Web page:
Outgoing New Zealand head coach Steve Hansen warned the rest of the rugby world to expect a backlash from the dethroned Rugby World Cup champions over the next four years, after leading the All Blacks to a third-place finish on Friday night.
New Zealand beat Wales 40-17 in the bronze-medal match at Tokyo Stadium, having failed to reach the final after a devastating 19-7 defeat to England in the semifinals in Yokohama last weekend.
The All Blacks had known practically nothing but success during Hansen’s eight years as head coach, winning the World Cup in 2015 and racking up a world-record 18-match winning streak from August 2015 to November 2016.
But Hansen warned the rest of the world that “it’s now personal” for the All Blacks after losing their crown in Japan, even if he will not be around to oversee it.
“Our challenge is now to regroup and reset the goals for the next four years,” said Hansen, who had already announced before the tournament that he was stepping down. “However, what I do know is that the young men that are going to come back have a personal pain. They’ve experienced something that you can’t tell them about, you can’t convince them about until it’s personal to themselves. And it’s now personal.
“So that will make them a little bit more dangerous. I look forward to seeing them grow and continue to grow. And I look forward to the game doing the same thing, because the more competitive it is, the greater it is for the game.”
Hansen was joined in calling time on his All Black career after Friday’s game by captain Kieran Read and his teammates Ben Smith, Sonny Bill Williams, Ryan Crotty and Matt Todd.
Read leaves with 126 caps to his name — 52 as captain — and the 34-year-old was given the honor of leading the haka before the game.
“It’s been a great day,” said Read, who is second on the list of New Zealand’s longest-serving captains behind Richie McCaw, who led the All Blacks 110 times. “I’ve tried to make sure I really stay in the moment and actually enjoy this day. I think my emotions at the start of the week, I was able to get them all out of there, so today I was just pretty much about process. I wanted to come out and play well and soak it up and enjoy the occasion. That’s what I did.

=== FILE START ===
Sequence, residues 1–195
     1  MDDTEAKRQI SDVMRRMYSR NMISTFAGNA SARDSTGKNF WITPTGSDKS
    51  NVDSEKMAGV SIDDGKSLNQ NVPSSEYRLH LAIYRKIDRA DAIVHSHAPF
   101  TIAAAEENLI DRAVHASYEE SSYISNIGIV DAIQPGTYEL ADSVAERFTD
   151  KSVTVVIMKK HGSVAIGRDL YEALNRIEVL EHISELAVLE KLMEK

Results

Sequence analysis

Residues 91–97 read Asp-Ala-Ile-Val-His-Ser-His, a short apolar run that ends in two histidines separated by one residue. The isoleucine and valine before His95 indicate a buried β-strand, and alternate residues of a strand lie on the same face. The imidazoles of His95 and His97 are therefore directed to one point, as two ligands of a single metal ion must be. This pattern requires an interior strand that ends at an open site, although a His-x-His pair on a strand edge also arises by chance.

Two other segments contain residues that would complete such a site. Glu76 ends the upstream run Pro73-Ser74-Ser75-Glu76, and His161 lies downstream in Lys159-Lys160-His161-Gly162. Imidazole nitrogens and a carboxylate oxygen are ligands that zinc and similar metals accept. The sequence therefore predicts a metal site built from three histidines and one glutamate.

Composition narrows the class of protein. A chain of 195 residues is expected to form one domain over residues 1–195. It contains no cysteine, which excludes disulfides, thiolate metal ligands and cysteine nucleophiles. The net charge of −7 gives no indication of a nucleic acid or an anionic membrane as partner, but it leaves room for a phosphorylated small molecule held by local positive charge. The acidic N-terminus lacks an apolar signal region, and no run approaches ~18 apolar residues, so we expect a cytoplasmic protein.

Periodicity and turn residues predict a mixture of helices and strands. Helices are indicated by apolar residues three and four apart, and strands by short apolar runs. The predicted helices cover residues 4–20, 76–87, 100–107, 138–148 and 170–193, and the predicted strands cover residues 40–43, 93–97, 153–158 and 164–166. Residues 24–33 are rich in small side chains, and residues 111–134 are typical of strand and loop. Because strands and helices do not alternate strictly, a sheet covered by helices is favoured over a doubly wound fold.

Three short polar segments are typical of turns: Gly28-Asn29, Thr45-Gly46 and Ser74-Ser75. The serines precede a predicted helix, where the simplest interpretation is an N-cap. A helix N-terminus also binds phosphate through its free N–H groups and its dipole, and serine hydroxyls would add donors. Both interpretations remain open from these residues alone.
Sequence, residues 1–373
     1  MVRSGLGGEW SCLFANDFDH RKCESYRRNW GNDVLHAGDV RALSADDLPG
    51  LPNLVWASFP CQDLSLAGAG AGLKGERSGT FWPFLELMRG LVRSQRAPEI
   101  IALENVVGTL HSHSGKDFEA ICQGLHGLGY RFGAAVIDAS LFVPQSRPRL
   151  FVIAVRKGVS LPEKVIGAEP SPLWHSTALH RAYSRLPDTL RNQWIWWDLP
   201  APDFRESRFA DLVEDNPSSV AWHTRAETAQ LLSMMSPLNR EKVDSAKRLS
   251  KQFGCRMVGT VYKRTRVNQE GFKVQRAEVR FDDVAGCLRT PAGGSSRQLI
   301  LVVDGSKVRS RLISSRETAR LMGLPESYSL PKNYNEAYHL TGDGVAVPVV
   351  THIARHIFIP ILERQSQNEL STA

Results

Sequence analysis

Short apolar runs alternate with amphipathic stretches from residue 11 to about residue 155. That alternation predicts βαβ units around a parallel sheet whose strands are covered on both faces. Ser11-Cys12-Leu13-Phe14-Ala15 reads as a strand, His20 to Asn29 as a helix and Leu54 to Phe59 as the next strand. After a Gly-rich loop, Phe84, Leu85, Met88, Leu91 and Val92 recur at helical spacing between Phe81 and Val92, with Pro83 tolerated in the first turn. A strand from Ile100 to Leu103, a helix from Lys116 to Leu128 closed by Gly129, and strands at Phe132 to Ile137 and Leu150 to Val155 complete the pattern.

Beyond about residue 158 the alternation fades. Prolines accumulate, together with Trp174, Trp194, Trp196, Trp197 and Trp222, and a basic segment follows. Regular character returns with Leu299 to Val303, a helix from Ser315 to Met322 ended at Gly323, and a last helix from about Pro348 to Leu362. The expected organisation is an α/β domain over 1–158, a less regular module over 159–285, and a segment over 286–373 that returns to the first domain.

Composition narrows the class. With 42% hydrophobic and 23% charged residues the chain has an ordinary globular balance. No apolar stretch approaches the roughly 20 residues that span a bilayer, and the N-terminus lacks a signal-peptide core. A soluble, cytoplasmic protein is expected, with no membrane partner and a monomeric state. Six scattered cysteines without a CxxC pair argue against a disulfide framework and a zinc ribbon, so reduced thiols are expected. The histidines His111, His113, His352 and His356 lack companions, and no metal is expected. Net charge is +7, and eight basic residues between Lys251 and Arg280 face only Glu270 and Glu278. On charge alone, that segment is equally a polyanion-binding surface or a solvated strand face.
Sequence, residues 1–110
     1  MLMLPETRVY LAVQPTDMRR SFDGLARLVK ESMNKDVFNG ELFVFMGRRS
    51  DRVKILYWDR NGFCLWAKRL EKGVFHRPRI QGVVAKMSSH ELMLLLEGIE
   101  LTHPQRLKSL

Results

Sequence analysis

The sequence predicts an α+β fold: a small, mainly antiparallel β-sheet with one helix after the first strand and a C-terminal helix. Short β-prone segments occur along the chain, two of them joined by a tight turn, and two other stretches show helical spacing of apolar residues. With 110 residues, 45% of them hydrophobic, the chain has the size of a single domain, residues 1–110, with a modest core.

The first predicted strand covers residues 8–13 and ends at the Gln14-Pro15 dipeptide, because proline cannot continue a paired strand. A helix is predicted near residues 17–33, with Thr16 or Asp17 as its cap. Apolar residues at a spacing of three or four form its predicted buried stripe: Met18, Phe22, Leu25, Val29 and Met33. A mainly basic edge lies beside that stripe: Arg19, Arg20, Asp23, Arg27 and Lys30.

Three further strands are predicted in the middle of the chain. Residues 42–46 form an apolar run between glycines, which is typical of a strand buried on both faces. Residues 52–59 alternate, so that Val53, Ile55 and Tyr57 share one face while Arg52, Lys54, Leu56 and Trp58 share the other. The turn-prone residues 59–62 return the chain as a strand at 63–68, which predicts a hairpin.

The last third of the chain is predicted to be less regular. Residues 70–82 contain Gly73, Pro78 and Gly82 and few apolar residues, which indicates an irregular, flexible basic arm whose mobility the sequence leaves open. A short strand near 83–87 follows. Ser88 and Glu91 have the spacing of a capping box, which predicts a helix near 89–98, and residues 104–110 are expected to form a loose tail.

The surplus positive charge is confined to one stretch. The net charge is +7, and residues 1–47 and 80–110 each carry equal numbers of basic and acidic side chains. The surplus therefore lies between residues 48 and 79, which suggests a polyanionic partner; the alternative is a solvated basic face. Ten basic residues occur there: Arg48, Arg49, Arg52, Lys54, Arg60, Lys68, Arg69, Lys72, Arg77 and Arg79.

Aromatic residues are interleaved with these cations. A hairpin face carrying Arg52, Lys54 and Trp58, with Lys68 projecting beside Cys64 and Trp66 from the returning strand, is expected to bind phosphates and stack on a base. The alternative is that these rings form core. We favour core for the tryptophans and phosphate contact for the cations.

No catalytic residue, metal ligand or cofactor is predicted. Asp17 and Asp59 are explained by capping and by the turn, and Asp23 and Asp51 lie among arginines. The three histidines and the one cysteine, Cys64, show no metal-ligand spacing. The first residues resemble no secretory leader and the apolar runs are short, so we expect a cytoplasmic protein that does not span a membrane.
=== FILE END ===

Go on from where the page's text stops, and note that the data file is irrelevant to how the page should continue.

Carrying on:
“I just love playing with this team and my teammates. And then at the end you’ve got your family to come on and share a bit of the special moment. It was great. I will hold these memories for a long time. I’m going to look back in terms of this World Cup, it’s going to take a little bit of time to get over, but certainly in the end I’ll come back with some fond memories and remember today as well.”
Wales, which lost its semifinal against South Africa 19-16 after Handre Pollard kicked a penalty with four minutes to go, was also bidding farewell to its head coach, with Warren Gatland bowing out after 12 years at the helm.
Gatland turned Wales’ fortunes around following a first-round exit from 2007 World Cup, winning four Six Nations Championships — including three Grand Slams — and reaching two World Cup semifinals as well as leading the team to the top of the world rankings earlier this year.
Gatland will be succeeded by fellow New Zealander Wayne Pivac, and the outgoing head coach urged his successor to keep up the high standards.
“I think I had already gone through that process of knowing it was my last game and not trying to be too emotional about it,” said Gatland, who will now join New Zealand’s Chiefs on a four-year contract, with a sabbatical to coach the British and Irish Lions on their tour of South Africa in 2021. “I had come to a realization a while ago and it’s something I had prepared myself for, and then to start thinking about the next challenges in life.
“I really hope for what we have achieved in the last 10 or 12 years, and we feel like we’ve earned and put respect back into Wales as an international team, that the new coaches come in and continue to build on that. Because with what we’ve achieved, it would break my heart if Wales went back into the doldrums.”
Wales arrived in Japan with several young players on its squad, and No. 8 Ross Moriarty believes the team will be well equipped to deal with the new era now that Gatland has departed.
“We’ve got a good crop of players and young boys,” said Moriarty. “Sadly, we will probably see a few of the older boys go, and they’ve been great with everyone. They’ve set the foundations for what’s to come.
“It’s been a lot of hard work. We’re disappointed not to be in the final but hats off to New Zealand — they played some good rugby but so did we today. We kept it at 12-7 in the second half, and I know that’s still not a win but we can hold our heads up high and look forward to the next season in the Welsh shirt.”
IN FIVE EASY PIECES WITH TAKE 5